Daesh in desperate attempt to save Albu Kamal, last Syrian bastion

Iraqi forces are seen on November 4, 2017 in the centre of the city of al-Qaim, in Iraq's western Anbar province near the Syrian border after retaking it from Daesh group a day earlier. (AFP)
Updated 11 November 2017

Daesh in desperate attempt to save Albu Kamal, last Syrian bastion

BEIRUT: Daesh terrorists conducted a blistering counterattack on Albu Kamal in eastern Syria Friday in a desperate bid to cling to the last urban bastion of their imploding “caliphate.”
The terrorists punched back into the town they had lost a day earlier and swiftly retook several northern neighborhoods, the Syrian Observatory for Human Rights monitor said.
“IS (Daesh) started counterattacking on Thursday night and retook more than 40 percent of the town of Albu Kamal,” Rami Abdul Rahman, head of the Britain-based Observatory, told AFP.
Albu Kamal was the last significant town to have been under full Daesh control and lies at the heart of what used to be the sprawling “caliphate” the group declared in 2014 over swathes of Iraq and Syria.
“The terrorists went back in and retook several neighborhoods in the north, northeast and northwest,” Abdel Rahman said. “IS is trying to defend its last bastion.”
The terror group has in the space of a few weeks seen its caliphate shrink to a small rump and lost major cities such as Mosul, Raqqa and Deir Ezzor.
The observatory said most of the fighting was done by the Lebanese Shiite group Hezbollah and elite forces from its backer Tehran, as well as militia groups from Iraq.
Losing the town, where IS leaders used to meet and were once considered untouchable, would cap a process which has seen the group relinquish any ambition as a land-holding force and return to the desert to fight a clandestine guerrilla war.
Many of the group’s top leaders have been killed as Syrian and Iraqi forces with backing from Russia, Iran and a US-led coalition rolled back the territorial losses that saw the terrorists declare a “caliphate” roughly the size of Britain in 2014.
But the whereabouts of the first among them, self-proclaimed “caliph” Abu Bakr Al-Baghdadi, remains unclear. He has been reported killed or wounded many times but Daesh has never offered any confirmation.
In Deir Ezzor province, which used to be the heartland of their proto-state, the group’s remaining fighters only control about 30 percent of territory, most of it desert.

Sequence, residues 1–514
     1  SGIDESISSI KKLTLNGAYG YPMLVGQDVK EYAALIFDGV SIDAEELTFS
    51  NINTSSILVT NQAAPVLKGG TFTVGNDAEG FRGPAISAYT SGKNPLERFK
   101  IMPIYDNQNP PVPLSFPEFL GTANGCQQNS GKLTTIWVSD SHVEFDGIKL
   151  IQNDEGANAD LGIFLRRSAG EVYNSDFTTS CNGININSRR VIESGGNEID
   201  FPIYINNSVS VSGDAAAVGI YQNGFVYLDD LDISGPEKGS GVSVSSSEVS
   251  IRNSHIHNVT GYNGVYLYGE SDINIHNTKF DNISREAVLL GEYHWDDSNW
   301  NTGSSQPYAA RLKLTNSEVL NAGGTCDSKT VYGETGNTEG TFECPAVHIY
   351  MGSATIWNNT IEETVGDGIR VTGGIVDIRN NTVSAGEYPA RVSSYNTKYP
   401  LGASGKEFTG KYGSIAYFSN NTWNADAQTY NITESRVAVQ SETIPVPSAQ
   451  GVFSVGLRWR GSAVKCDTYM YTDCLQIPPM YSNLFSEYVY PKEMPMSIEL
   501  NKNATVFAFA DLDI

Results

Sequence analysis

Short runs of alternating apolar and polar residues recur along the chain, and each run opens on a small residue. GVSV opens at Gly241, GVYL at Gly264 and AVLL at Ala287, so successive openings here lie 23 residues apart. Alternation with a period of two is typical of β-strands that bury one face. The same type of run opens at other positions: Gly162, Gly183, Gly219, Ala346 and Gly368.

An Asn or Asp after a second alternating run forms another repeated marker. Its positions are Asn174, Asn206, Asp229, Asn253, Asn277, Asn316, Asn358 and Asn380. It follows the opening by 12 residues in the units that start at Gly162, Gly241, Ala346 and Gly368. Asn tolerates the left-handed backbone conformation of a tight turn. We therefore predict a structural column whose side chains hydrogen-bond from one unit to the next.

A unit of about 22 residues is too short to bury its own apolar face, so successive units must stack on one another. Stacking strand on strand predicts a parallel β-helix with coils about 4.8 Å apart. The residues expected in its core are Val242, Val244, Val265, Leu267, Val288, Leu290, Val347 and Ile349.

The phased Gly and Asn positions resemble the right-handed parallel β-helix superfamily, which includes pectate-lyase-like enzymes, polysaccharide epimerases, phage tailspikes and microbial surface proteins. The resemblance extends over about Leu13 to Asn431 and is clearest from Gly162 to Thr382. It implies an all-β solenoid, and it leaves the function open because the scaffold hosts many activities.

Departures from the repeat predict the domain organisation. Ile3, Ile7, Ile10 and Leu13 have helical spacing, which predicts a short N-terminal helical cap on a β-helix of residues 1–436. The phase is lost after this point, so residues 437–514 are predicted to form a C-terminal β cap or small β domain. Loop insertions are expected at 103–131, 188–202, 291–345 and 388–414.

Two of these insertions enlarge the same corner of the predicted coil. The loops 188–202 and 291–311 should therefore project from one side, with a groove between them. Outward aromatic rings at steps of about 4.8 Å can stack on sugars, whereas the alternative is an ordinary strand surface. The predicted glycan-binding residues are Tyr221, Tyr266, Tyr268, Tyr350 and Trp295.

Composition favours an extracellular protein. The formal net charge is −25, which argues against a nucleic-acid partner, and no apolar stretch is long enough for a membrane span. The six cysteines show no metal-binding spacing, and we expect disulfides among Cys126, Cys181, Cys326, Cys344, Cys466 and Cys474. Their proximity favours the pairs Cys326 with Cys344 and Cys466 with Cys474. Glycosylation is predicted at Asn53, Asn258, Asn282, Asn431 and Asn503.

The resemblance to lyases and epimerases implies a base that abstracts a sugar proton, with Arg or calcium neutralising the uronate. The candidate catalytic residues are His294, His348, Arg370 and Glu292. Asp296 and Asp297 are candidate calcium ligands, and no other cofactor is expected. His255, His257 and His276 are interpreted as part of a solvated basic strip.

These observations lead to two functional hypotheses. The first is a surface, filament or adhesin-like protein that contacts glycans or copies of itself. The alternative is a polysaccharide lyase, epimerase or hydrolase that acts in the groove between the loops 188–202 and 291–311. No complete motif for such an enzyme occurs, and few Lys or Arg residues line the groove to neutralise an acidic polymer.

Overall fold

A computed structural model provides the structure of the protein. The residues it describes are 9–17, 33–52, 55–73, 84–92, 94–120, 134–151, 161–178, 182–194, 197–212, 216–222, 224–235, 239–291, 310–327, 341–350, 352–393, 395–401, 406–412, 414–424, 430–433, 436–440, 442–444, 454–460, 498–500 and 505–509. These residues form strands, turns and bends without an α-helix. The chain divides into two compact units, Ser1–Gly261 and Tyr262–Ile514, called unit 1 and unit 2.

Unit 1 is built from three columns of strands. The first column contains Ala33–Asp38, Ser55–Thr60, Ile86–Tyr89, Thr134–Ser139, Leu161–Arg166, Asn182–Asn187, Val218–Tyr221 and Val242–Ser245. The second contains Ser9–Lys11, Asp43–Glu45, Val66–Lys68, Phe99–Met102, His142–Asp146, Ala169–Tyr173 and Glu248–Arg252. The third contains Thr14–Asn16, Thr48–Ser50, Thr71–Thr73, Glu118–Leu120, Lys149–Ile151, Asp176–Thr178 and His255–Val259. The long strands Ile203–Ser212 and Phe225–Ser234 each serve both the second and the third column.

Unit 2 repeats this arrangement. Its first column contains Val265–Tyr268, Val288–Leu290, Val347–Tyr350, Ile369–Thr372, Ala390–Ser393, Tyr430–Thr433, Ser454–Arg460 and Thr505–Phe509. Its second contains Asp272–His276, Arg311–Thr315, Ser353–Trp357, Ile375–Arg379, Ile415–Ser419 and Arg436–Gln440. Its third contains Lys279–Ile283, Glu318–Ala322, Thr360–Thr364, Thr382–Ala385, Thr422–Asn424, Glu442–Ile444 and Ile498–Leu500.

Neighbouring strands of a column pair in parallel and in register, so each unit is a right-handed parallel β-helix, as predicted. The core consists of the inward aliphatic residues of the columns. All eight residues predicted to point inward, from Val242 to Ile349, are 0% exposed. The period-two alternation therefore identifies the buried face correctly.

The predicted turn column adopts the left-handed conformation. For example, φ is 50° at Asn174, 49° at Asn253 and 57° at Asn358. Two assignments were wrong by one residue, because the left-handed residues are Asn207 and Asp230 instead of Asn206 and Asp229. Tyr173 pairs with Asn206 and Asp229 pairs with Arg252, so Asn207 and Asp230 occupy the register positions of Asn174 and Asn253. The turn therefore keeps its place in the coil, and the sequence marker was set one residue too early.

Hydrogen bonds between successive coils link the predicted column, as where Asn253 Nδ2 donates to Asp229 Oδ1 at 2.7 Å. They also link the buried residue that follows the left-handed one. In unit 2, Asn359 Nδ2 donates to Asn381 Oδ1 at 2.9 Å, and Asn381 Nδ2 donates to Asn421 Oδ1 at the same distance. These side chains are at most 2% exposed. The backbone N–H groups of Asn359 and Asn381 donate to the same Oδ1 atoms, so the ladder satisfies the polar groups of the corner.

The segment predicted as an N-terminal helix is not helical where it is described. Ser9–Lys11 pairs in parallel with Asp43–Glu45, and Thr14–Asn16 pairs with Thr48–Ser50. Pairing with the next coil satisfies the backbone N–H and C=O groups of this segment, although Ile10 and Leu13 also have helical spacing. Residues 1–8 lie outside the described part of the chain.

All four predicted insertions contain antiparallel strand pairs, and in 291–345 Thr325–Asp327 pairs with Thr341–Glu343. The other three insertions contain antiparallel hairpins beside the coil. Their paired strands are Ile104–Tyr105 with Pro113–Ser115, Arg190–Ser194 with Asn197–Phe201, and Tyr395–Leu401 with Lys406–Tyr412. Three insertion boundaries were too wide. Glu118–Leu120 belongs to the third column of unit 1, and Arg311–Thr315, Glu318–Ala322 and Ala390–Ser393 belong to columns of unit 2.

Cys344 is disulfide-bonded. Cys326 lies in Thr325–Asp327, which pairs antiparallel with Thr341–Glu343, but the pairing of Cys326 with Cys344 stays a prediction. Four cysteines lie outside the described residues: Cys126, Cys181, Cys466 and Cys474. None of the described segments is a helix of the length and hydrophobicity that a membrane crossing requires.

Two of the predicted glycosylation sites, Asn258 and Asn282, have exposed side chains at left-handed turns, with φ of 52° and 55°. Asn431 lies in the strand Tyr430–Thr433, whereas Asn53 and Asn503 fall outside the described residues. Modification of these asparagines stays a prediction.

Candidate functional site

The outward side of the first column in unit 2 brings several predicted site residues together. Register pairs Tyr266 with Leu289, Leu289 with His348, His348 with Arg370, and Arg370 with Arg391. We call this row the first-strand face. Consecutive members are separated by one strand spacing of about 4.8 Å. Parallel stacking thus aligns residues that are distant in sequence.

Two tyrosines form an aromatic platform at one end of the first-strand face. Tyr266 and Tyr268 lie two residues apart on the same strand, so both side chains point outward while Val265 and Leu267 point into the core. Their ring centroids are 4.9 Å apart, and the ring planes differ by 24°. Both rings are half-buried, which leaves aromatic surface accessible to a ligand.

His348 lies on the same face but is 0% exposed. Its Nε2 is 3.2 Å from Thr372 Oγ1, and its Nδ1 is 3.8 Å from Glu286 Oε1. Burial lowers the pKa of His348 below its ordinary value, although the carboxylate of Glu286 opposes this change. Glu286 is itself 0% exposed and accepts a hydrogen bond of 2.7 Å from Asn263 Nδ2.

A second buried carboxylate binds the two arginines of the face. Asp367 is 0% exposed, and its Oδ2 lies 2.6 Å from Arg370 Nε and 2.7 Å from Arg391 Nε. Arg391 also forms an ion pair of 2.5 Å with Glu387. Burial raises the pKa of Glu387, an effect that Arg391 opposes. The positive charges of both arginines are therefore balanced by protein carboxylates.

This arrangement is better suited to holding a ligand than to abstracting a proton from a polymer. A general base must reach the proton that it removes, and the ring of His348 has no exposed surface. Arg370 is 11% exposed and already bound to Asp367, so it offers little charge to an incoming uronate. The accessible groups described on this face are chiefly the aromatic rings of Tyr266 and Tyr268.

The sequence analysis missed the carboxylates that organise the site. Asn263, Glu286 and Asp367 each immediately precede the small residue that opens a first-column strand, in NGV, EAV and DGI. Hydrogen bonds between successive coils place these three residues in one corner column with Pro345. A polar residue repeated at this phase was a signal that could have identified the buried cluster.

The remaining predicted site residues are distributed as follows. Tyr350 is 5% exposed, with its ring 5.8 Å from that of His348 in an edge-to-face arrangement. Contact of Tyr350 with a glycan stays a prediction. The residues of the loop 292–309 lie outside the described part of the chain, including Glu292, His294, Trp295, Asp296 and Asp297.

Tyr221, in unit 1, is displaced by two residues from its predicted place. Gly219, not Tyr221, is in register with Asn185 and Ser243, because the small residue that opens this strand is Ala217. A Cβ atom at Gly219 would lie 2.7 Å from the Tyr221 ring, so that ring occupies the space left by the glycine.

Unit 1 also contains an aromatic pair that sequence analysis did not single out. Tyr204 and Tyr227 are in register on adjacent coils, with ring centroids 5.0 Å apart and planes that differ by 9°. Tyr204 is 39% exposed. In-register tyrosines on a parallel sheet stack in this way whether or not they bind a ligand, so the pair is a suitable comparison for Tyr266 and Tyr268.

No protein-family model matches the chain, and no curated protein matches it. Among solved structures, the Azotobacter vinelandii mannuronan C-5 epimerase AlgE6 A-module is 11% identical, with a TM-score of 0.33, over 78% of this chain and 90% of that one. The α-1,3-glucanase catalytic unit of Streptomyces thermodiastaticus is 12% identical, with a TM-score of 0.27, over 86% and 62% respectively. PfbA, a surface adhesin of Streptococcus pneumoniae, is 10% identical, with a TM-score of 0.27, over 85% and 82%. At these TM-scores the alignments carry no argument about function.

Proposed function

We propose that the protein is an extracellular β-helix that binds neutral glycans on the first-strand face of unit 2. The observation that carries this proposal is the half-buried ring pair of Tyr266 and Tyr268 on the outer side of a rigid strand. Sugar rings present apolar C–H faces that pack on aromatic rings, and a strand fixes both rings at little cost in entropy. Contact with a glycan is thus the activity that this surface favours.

On the other bank of the Euphrates, coming from the north, the Kurdish-led US-backed forces that retook the Daesh “capital” of Raqqa last month were also advancing on Daesh positions.
According to the observatory, the Syrian Democratic Forces (SDF) retook four villages from Daesh there on Friday.
Observers have predicted the regime may seek to retake towns and cities wrested from Daesh by the SDF, such as Raqqa which the terrorists had used as their main Syrian hub.

Gargash: UAE not leaving war-torn Yemen despite drawdown

Updated 48 min 50 sec ago

Gargash: UAE not leaving war-torn Yemen despite drawdown

  • The UAE announced earlier this month it was drawing down and redeploying troops in Yemen
  • UAE minister Gargash said the Houthis should see the UAE move as a confidence-building measure

The United Arab Emirates, part of a Saudi-led military coalition, is not leaving war-torn Yemen despite an ongoing drawdown and redeployment of Emirati forces, a UAE minister has said.

“Just to be clear, the UAE and the rest of the coalition are not leaving Yemen,” minister of state for foreign affairs Anwar Gargash said in an opinion piece published Monday in The Washington Post.

“While we will operate differently, our military presence will remain. In accordance with international law, we will continue to advise and assist local Yemen forces.”

The UAE announced earlier this month it was drawing down and redeploying troops in Yemen, where a years-long conflict between government forces - backed by the Saudi-led coalition - and Iran-backed Houthi militia has pushed the country to the brink of famine.

The UAE is a key partner in the military coalition which intervened in Yemen in 2015 to back the internationally-recognised government of President Abedrabbo Mansour Hadi against the Houthi.

Gargash said the Houthis should see the UAE move as a “confidence-building measure to create new momentum to end the conflict”.

“As the United Arab Emirates draws down and redeploys its forces in Yemen, we do so in the same way we began - with eyes wide open,” he said.

“There was no easy victory and there will be no easy peace.

“But now is the time to double down on the political process.”

The warring sides have fought to a stalemate, and several rounds of UN-sponsored talks, the last held in Sweden in December, have failed to implement any deal to end the war.

Since 2015, tens of thousands of people - mostly civilians - have been killed in the conflict described by the United Nations as the world’s worst manmade humanitarian crisis.